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Key to success: Vision Key to success: Passion Key to success: Perseverance Key to success: Preparation Key to success: Courage Key to success: Integrity Key to success: The American Dream Keys to success homepage More quotes on Passion More quotes on Vision More quotes on Courage More quotes on Integrity More quotes on Preparation More quotes on Perseverance More quotes on The American Dream


J. Carter Brown

Director Emeritus
National Gallery of Art

J. Carter Brown: Oh, I was hopeless. I was very unathletic, and when I was in school I was two years younger than everybody in my class, so I got beaten up all the time, and I got laughed at for being interested in studying and doing stupid things like that. And, it's been so rewarding. I'm going to my 50th anniversary of my high school, and so rewarding that now they feel I'm the guy that sort of "made it" in the class, having been the Class Joke. Never completely "joke," because I was president of the Dramatic Society, and I did manage to graduate first in my class, but that wasn't the value system of that particular group of boys. They had an undefeated football season. They were really good at athletics, and the atmosphere at school was pretty anti-intellectual in those days.
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J. Carter Brown

Director Emeritus
National Gallery of Art

Talking of ocean racing, one of the best lessons I learned was the concept of the rhumb line, R-H-U-M-B. You lay down a course from Newport to Bermuda, and that's your rhumb line. And then for some reason, you get blown off course. And, a lot of people make the mistake of saying, "Oh, we've got to get back to the rhumb line." There's a new rhumb line. It's from where you are to where you're going. And, it's so important to be able to pick up and forget all that and say, "Okay, play it where it lays." This is the new situation.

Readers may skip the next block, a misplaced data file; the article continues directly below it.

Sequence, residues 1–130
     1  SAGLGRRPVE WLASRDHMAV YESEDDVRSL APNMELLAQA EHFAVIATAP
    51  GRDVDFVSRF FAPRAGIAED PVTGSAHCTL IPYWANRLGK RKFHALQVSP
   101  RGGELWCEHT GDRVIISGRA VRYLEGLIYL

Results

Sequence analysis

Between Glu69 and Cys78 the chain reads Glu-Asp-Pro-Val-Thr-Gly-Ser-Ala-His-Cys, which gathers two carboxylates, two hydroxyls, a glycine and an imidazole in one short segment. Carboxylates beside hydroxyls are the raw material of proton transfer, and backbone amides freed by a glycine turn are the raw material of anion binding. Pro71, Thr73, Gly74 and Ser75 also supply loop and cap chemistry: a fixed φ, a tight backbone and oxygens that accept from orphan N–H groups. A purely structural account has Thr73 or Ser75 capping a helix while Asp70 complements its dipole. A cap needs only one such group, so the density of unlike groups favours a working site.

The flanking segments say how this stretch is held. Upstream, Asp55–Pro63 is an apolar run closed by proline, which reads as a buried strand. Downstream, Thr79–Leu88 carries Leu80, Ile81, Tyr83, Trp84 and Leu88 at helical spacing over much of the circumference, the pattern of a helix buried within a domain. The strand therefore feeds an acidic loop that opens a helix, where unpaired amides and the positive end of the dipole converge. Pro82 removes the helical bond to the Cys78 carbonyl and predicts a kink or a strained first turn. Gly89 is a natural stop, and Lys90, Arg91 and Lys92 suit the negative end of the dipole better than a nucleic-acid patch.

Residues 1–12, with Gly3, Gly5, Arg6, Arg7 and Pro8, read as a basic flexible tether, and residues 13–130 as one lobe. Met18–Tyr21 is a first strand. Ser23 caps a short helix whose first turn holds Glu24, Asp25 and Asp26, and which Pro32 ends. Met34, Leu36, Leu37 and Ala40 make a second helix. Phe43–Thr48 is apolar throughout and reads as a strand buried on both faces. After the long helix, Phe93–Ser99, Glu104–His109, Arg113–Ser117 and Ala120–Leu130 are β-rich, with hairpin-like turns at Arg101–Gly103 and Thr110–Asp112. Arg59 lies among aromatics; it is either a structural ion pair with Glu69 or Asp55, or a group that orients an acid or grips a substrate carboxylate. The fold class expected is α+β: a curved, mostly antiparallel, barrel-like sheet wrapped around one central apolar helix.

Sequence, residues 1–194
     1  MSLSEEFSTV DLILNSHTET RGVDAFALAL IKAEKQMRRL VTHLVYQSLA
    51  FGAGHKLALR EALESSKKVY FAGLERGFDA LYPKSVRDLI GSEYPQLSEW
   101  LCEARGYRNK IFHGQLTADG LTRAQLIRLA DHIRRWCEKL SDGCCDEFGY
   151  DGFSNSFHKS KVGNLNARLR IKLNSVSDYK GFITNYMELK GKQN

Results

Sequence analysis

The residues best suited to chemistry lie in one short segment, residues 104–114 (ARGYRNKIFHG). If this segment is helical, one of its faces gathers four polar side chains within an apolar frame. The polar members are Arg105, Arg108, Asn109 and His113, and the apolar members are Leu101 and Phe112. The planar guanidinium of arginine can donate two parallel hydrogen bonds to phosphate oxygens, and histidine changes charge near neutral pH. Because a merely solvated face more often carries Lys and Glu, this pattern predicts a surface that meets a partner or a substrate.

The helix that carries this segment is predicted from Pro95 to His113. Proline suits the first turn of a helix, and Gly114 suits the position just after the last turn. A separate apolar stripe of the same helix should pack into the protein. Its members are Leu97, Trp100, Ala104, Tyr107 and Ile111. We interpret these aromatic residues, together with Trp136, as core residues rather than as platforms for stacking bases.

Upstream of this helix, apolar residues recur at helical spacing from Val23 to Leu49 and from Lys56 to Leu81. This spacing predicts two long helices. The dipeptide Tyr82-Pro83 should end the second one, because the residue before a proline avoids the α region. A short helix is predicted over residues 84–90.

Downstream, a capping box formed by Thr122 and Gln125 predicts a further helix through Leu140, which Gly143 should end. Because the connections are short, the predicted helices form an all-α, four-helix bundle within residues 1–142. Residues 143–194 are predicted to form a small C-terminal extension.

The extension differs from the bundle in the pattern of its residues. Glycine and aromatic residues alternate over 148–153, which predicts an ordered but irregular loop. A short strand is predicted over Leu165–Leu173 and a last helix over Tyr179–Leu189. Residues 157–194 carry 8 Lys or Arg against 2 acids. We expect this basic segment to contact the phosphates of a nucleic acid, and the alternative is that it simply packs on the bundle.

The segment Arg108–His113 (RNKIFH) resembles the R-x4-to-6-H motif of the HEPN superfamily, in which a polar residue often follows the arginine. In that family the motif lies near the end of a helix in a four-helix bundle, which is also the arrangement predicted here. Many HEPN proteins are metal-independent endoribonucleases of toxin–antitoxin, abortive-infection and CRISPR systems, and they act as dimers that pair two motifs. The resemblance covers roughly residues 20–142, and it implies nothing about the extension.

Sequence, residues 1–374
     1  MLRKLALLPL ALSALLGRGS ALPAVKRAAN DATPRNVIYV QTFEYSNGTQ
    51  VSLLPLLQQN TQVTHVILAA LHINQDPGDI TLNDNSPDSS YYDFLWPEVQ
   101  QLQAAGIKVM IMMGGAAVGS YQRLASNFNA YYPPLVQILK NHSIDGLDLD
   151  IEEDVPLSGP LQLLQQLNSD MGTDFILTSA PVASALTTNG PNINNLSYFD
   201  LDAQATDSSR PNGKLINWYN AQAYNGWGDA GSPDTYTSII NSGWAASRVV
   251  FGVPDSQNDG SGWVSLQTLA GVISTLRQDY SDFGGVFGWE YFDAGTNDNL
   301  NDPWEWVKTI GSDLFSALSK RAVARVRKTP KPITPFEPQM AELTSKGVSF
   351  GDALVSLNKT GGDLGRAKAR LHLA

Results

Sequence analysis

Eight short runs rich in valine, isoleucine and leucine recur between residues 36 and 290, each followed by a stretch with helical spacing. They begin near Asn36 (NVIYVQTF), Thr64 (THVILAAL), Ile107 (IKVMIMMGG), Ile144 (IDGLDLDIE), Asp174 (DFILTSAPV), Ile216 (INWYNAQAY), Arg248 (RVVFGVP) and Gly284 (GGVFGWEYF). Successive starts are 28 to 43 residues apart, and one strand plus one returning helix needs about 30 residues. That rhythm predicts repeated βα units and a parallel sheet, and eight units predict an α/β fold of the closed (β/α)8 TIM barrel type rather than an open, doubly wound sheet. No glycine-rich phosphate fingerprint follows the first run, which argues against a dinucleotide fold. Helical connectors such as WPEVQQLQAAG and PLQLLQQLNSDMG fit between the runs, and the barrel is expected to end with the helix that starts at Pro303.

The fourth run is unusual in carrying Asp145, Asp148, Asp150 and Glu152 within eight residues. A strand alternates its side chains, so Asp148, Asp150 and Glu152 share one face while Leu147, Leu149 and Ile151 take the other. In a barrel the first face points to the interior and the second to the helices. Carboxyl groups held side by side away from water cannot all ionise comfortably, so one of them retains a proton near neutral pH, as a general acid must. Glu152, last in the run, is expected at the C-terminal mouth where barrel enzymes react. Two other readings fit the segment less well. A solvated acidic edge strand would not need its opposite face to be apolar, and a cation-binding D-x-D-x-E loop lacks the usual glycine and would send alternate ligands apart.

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J. Carter Brown

Director Emeritus
National Gallery of Art

I've gone on, stayed on under my other hat as Chairman of the Fine Arts Commission. And boy, did we get it at the time of the Vietnam Memorial! I mean, I had Ross Perot in my office pounding the table! I knew that he'd sent in operatives to Iran. I didn't know what was going to happen to me. He wanted it his way. And, there was great brouhaha about that. Now, we have brouhaha about the World War II memorial. And, as of just a couple of days ago, that's all been ripped open again, and we've got to go to through more of these hearings where a small dissident group has ginned up a lot of complaint. And basically, it's a resistance to change. There's a nostalgia about the way things were, everybody thinks they were always that way. They forget that the Mall is a 20th century concept, and the Jefferson Memorial also had people lying down in front of bulldozers. But, it was built in 1941, and we have added and changed the Mall continuously, and this is only going to enhance the great design of the vista between the Washington Monument and the Lincoln Memorial. And yet people just want to keep everything the way it is. And fine, sometimes it's better the way it is. But, we feel that this little Fine Arts Commission -- which are chosen to have some kind of credentials in the visual world -- has a lot of experience in visualizing what something's going to be. And, we think it's going to be okay.
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Willie Brown

Former Mayor of San Francisco